The irony of this is that the Pentium 4 suffered quite severely from this microarchitectural optimization problem. When it debuted, most code was optimized for Pentium/PPro. The Pentium 4 didn’t handle it very well, especially the x87 implementation was relatively weak. When code was recompiled on P4, avoiding certain performance hazards, and making use of new features like SSE2, to work around the shortcomings such as the x87, it could make quite significant leaps in performance. This is also partly the reason why it was always a strong performer in 3d rendering and video processing. These tasks benefited greatly from SSE2, and the developers in those particular markets were quick to adopt the new technology and recompile/optimize their applications for the new microarchitecture.
To conclude… there may be ‘tainted’ benchmarks, such as PCMark05, compiled by the Intel Compiler, which puts non-Intel CPUs at a disadvantage… but I would like to point out that the shoe has been on the other foot as well. A few years ago, a benchmark called ScienceMark emerged in the review world. Historically it was one of the few benchmarks that Athlons performed well in… Look at these results for example.An Athlon64 FX-62 about as fast as a Core2 Duo X6800? Amazing, no other benchmark shows results even remotely similar…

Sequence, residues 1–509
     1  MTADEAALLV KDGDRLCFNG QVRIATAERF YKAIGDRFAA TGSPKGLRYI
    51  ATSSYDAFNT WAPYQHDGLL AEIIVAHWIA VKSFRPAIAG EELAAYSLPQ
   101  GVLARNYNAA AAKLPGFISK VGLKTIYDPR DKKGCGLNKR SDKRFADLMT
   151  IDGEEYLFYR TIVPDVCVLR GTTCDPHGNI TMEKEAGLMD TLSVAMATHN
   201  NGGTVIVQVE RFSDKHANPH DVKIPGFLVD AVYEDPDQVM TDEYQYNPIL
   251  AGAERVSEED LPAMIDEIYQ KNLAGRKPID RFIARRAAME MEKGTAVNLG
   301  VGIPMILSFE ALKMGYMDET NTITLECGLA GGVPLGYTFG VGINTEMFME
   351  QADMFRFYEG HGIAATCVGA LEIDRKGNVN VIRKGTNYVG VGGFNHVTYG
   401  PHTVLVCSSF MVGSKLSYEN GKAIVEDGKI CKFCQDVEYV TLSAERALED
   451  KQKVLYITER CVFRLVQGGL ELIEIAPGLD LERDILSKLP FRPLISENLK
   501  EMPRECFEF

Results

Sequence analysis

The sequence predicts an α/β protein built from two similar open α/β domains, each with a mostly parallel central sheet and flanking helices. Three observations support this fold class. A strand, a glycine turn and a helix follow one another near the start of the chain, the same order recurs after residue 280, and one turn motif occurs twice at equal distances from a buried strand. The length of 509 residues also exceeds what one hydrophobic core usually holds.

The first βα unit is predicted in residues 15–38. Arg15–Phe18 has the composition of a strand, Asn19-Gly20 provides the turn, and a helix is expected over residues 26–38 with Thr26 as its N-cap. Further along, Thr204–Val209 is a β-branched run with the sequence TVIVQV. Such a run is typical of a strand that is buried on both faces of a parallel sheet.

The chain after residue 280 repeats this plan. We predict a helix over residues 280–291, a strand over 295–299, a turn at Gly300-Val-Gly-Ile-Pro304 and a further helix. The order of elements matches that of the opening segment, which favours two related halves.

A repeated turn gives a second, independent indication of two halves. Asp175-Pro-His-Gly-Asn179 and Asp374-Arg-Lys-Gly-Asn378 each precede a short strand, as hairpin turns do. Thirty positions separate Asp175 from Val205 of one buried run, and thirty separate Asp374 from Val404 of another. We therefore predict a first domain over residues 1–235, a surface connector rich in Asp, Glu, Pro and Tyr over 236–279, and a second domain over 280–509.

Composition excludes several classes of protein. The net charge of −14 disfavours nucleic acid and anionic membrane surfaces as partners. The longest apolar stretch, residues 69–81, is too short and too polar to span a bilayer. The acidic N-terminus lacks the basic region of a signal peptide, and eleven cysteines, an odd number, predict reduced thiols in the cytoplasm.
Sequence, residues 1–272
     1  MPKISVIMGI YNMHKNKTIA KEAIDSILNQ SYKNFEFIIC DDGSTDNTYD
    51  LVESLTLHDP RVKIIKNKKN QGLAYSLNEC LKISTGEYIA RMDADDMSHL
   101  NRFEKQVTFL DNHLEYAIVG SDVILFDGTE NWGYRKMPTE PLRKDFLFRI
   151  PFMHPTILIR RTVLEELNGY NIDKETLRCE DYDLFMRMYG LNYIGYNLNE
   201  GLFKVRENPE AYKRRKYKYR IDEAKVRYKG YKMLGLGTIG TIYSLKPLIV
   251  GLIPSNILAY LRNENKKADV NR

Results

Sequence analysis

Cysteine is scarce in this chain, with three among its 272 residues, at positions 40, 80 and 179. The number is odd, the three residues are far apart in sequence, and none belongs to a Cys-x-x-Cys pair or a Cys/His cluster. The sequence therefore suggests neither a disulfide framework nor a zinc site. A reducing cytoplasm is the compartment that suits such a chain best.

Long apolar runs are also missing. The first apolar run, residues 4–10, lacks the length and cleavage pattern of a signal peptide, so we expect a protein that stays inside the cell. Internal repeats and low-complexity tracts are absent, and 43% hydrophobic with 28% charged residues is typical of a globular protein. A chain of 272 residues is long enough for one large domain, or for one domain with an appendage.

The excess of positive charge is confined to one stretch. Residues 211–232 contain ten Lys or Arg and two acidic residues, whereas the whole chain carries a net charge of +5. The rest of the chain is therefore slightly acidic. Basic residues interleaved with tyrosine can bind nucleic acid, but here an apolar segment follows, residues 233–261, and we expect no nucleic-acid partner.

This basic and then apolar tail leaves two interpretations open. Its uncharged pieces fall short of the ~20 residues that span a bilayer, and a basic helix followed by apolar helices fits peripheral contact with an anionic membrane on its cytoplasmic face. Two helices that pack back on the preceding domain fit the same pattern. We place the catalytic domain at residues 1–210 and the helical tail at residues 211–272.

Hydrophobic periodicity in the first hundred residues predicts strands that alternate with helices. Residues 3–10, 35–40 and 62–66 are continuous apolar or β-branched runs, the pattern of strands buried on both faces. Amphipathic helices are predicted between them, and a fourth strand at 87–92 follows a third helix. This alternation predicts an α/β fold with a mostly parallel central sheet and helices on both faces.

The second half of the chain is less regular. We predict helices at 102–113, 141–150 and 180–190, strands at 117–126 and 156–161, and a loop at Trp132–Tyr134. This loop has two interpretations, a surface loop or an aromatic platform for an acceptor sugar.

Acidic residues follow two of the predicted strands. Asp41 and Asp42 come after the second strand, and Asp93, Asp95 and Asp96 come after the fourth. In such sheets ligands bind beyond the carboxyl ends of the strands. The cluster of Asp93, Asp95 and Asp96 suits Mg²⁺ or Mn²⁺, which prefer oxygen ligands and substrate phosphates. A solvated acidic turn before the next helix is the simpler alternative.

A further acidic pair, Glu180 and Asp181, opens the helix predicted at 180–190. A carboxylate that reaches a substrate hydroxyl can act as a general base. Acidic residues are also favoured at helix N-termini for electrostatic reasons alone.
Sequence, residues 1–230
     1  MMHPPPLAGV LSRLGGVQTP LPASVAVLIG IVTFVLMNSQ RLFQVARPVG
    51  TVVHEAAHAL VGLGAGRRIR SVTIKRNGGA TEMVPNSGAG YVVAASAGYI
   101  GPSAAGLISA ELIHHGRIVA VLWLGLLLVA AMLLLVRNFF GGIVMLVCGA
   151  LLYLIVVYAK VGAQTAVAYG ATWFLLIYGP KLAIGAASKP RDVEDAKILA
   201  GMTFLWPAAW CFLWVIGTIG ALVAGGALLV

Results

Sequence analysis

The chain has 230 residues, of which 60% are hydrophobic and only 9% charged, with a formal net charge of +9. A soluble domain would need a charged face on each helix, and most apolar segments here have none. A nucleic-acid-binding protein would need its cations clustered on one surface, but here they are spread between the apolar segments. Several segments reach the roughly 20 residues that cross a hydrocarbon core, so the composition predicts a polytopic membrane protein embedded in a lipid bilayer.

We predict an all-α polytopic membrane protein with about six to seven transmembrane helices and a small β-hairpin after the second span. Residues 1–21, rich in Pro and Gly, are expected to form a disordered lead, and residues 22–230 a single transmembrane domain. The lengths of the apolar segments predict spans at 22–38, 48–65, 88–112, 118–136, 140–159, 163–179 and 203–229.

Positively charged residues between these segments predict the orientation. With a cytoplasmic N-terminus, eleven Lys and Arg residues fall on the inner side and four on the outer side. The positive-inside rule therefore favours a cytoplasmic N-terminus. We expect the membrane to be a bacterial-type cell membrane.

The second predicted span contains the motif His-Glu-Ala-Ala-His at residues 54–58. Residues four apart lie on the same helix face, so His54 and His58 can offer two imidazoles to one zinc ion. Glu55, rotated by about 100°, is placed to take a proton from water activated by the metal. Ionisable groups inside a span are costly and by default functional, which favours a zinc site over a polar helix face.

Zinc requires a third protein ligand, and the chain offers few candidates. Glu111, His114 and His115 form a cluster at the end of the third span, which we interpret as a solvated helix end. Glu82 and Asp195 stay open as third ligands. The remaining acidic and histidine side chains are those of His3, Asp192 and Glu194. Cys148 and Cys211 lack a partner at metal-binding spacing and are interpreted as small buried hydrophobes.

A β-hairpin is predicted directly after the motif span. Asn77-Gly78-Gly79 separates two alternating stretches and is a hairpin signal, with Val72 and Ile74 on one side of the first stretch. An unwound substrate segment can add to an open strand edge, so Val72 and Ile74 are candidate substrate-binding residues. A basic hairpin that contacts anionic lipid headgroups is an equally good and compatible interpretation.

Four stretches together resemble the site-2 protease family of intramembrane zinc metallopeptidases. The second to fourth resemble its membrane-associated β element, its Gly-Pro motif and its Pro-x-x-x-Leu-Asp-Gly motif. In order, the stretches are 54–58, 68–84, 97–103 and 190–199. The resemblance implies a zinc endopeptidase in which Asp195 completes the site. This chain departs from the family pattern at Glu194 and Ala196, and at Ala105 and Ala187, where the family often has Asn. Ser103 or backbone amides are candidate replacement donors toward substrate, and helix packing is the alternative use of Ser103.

The plot thickens when you realize that some of ScienceMark’s developers are/were AMD employees.
(eg ‘redpriest’, as he himself says here: “Full disclosure: I am an engineer that works for AMD (in CPUs and not in graphics)”).
It appears that ScienceMark 2.0 happens to implement synthetic benchmark routines that seem to perform well on Athlon microarchitectures, and not that well on Intel microarchitectures (even the ones that are generally considered to be superior overall by quite a margin, such as Core2 vs Athlon64). Given the link to AMD, is that a coincidence?
PS: I don’t use the Intel Compiler myself. Partly because of issues like these, and partly because I don’t see why I should spend money on another compiler, when the Microsoft/gcc do a fine job as well. However, I do think it’s Intel’s right to only support optimizations for their own CPUs. That is also what they advertise. I don’t like to see any government or organization forcing regulations on Intel in this case, because it would be incredibly arbitrary. It’s bad enough that anti-trust laws and regulations have such an arbitrary character (it seems that companies just sue Microsoft because they know Microsoft can’t win anyway because of their size, and AMD did the same with Intel), but in this case, Intel doesn’t even have a considerable marketshare, so it’s not even an anti-trust case. It would mean that any company could sue any competitor, regardless of marketshare. Whoever has the best spindoctors will convince the judge and jury (who after all, are just laymen).